Skip advert
Advertisement

New Honda Clarity FCV 2017 review

The hydrogen-powered Honda Clarity has already wowed us, but is it a hit on British roads?

Overall Auto Express Rating

4.0 out of 5

Find your Honda Clarity FCV
Offers from our trusted partners on this car and its predecessors...
Hassle-free way to a brand new car
Or are you looking to sell your car?
Customers got an average £1000 more vs part exchange quotes
Advertisement

Fuel-cell vehicles aren’t for everyone – yet – but the Clarity is further proof of how far manufacturers have come in squeezing the tech into regular cars. Honda’s offering is a spacious family car that’s also a relaxing cruiser. True, the boot space is compromised, but a bigger problem is that the main flaw in the package – the refuelling infrastructure – isn’t something that Honda can do much about.

Advertisement - Article continues below

We were pretty impressed when we tried the Honda Clarity fuel-cell car in Denmark back in the spring. Now the first car has landed on UK shores – one of a handful of examples that will end up on the driveways of leasing customers.

‘Customers’ is a bit strong, because unlike the fuel-cell Toyota Mirai, technically this car isn’t on sale in the UK at all. We won’t get a Clarity until the successor to this car arrives – in around 2022.

• Best low emissions green cars

The Clarity’s fuel-cell stack runs off hydrogen, mixing the fuel with oxygen from the air to produce electricity that fills the batteries powering the front wheels. Water is the only emission as the car moves along.

The advantage of this, of course, is you can have emissions-free motoring without having to wait for charging. The 700-bar tank is easy to fill – about as simple as your regular visit to the petrol or diesel pump, in fact.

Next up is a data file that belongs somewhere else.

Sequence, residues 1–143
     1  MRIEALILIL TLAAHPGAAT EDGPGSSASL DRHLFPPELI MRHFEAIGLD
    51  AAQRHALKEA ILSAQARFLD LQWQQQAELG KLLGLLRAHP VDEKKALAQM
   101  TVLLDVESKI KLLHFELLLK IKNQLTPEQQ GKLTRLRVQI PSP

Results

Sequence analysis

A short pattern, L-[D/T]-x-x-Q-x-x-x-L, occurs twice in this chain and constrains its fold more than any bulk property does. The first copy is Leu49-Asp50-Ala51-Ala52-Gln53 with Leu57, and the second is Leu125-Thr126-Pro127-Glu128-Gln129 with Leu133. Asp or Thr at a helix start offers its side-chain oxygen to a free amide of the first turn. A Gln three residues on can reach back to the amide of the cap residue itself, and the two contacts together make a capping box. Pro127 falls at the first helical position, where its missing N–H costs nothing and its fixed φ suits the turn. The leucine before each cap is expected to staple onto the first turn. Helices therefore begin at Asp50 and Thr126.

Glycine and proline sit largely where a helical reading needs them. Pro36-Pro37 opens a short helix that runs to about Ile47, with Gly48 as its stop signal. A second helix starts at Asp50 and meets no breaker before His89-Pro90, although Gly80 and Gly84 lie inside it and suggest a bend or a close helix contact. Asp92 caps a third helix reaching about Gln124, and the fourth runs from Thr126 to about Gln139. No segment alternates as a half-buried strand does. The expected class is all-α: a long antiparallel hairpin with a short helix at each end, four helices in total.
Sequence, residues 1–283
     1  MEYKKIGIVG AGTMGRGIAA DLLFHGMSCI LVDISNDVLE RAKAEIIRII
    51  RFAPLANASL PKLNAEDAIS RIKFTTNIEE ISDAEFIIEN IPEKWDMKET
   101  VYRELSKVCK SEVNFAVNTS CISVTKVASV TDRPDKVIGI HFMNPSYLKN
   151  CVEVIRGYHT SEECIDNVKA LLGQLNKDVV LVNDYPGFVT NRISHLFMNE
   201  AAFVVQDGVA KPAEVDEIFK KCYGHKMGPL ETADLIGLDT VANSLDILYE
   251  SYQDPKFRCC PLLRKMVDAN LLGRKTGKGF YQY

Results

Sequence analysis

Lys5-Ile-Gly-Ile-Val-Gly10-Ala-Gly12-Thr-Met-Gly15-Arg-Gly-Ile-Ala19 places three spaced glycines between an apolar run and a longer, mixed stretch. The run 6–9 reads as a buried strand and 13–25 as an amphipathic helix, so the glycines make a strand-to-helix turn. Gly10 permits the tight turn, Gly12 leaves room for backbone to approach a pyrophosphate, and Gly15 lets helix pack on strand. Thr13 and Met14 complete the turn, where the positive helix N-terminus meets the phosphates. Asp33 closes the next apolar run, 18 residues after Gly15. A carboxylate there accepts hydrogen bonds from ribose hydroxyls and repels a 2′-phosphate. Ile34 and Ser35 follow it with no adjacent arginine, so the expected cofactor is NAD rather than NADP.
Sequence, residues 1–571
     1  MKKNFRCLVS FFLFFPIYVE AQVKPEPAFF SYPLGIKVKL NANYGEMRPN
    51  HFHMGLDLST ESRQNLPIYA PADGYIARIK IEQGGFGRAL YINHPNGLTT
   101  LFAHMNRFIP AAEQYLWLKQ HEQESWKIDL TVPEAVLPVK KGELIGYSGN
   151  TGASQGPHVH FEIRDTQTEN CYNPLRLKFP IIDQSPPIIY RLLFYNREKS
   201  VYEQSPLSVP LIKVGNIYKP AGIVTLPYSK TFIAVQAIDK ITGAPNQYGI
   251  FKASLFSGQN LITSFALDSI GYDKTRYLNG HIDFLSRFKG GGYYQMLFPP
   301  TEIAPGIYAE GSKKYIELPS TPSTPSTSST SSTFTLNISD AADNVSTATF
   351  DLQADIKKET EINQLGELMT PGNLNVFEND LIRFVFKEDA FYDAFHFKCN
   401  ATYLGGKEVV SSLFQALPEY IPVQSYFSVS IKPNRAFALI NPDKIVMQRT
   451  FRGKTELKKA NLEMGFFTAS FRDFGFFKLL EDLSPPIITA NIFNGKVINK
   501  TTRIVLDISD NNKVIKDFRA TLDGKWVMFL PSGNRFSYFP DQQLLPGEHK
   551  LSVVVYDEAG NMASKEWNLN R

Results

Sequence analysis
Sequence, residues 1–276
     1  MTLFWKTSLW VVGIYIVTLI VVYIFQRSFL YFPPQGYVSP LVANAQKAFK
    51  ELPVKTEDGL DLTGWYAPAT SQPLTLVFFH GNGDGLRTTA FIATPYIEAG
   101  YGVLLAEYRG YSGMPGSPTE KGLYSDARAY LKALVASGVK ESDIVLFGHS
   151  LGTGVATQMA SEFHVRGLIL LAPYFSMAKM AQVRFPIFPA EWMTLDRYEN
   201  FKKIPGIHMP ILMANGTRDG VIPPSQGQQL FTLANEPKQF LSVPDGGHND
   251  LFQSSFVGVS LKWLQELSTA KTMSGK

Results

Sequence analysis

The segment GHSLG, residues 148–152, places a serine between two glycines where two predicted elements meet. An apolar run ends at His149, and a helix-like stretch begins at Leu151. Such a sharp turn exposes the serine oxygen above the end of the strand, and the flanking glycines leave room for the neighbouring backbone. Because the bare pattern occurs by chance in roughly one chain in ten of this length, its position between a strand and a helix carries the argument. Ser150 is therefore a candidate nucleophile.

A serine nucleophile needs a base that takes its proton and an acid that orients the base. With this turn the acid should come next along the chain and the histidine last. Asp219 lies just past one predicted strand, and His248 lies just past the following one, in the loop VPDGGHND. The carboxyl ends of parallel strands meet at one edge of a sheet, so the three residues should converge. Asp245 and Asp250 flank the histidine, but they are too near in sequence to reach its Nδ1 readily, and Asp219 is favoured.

Skip advert
Advertisement
Skip advert
Advertisement - Article continues below

This convenience is theoretical, though, because there are still only about a dozen hydrogen fuelling points in the UK. So you’ll end up watching the predicted fuel range carefully; Honda claims 403 miles, but in truth it’s less than 300 in real-world use.

Advertisement - Article continues below

On UK roads, the Clarity drives like many other electric vehicles; the initial power delivery from the 174bhp/300Nm motor is strong and smooth, and while there’s a little bit of whine, it’s quickly drowned out by wind noise from around the mirrors.

The Clarity isn’t particularly agile or involving, but the suspension does a good enough job of dialling out British road imperfections. Also impressive is the brake pedal modulation, given how many EVs find it hard to manage the transition between stopping power and energy recuperation.

The rest of the package is conventional enough; the Clarity is a big five-seater whose looks are distinctive enough to let people know that you’ve thought long and hard about the environment when choosing your powertrain. The boot will confirm this, because it’s badly compromised by the hydrogen tank, and has a big step in its floor that loose items are all but certain to slide off.

The cabin, meanwhile, is nicely finished, with a mix of high-quality materials, including a synthetic suede that gives a strip of luxury across the centre of the facia. It’s a sign, if anything, of how this car has been produced – not to make a profit, but rather to showcase Honda’s technology progress, and help gain further acceptance for fuel-cell vehicles.

Click on the gallery above to see more of the Honda Clarity...

Skip advert
Advertisement
Editor-at-large

John started journalism reporting on motorsport – specifically rallying, which he had followed avidly since he was a boy. After a stint as editor of weekly motorsport bible Autosport, he moved across to testing road cars. He’s now been reviewing cars and writing news stories about them for almost 20 years.

Skip advert
Advertisement

Most Popular

No more EV! New BMW X3 gets petrol, diesel and PHEV power only
BMW X3 - front
News

No more EV! New BMW X3 gets petrol, diesel and PHEV power only

The all-new premium BMW X3 SUV has a sharp new look and cutting-edge tech, but no iX3 EV this time around
18 Jun 2024
New Citroen C3 Aircross gets seven-seats to fight Dacia Jogger, plus £25k pure-electric version
Citroen C3 Aircross - front reveal
News

New Citroen C3 Aircross gets seven-seats to fight Dacia Jogger, plus £25k pure-electric version

Citroen has somehow managed to cram seven seats into its new compact SUV, although the pure-electric e-C3 Aircross is only available with five
19 Jun 2024
Ford Explorer review
Ford Explorer 2024 - front
In-depth reviews

Ford Explorer review

Ford’s long-awaited electric SUV drives well, has some neat touches and impresses for efficiency
18 Jun 2024